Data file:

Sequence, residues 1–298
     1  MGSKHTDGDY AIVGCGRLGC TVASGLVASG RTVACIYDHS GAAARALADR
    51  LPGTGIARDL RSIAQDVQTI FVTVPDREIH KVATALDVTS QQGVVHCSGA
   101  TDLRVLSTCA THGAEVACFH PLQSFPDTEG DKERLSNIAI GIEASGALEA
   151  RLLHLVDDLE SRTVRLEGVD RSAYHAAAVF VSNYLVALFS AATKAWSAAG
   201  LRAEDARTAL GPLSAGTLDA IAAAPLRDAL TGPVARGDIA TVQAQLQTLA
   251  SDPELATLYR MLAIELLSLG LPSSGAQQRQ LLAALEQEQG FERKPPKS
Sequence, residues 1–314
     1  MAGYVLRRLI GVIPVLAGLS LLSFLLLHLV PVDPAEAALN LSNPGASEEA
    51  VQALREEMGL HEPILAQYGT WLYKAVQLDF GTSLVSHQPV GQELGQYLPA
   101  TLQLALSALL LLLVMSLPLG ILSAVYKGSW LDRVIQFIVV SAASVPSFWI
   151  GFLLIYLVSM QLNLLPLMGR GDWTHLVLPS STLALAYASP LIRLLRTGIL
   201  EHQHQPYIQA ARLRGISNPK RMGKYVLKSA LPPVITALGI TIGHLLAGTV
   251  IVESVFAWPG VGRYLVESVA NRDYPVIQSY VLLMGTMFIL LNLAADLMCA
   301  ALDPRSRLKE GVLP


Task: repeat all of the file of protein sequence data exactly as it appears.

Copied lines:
Sequence, residues 1–298
     1  MGSKHTDGDY AIVGCGRLGC TVASGLVASG RTVACIYDHS GAAARALADR
    51  LPGTGIARDL RSIAQDVQTI FVTVPDREIH KVATALDVTS QQGVVHCSGA
   101  TDLRVLSTCA THGAEVACFH PLQSFPDTEG DKERLSNIAI GIEASGALEA
   151  RLLHLVDDLE SRTVRLEGVD RSAYHAAAVF VSNYLVALFS AATKAWSAAG
   201  LRAEDARTAL GPLSAGTLDA IAAAPLRDAL TGPVARGDIA TVQAQLQTLA
   251  SDPELATLYR MLAIELLSLG LPSSGAQQRQ LLAALEQEQG FERKPPKS
Sequence, residues 1–314
     1  MAGYVLRRLI GVIPVLAGLS LLSFLLLHLV PVDPAEAALN LSNPGASEEA
    51  VQALREEMGL HEPILAQYGT WLYKAVQLDF GTSLVSHQPV GQELGQYLPA
   101  TLQLALSALL LLLVMSLPLG ILSAVYKGSW LDRVIQFIVV SAASVPSFWI
   151  GFLLIYLVSM QLNLLPLMGR GDWTHLVLPS STLALAYASP LIRLLRTGIL
   201  EHQHQPYIQA ARLRGISNPK RMGKYVLKSA LPPVITALGI TIGHLLAGTV
   251  IVESVFAWPG VGRYLVESVA NRDYPVIQSY VLLMGTMFIL LNLAADLMCA
   301  ALDPRSRLKE GVLP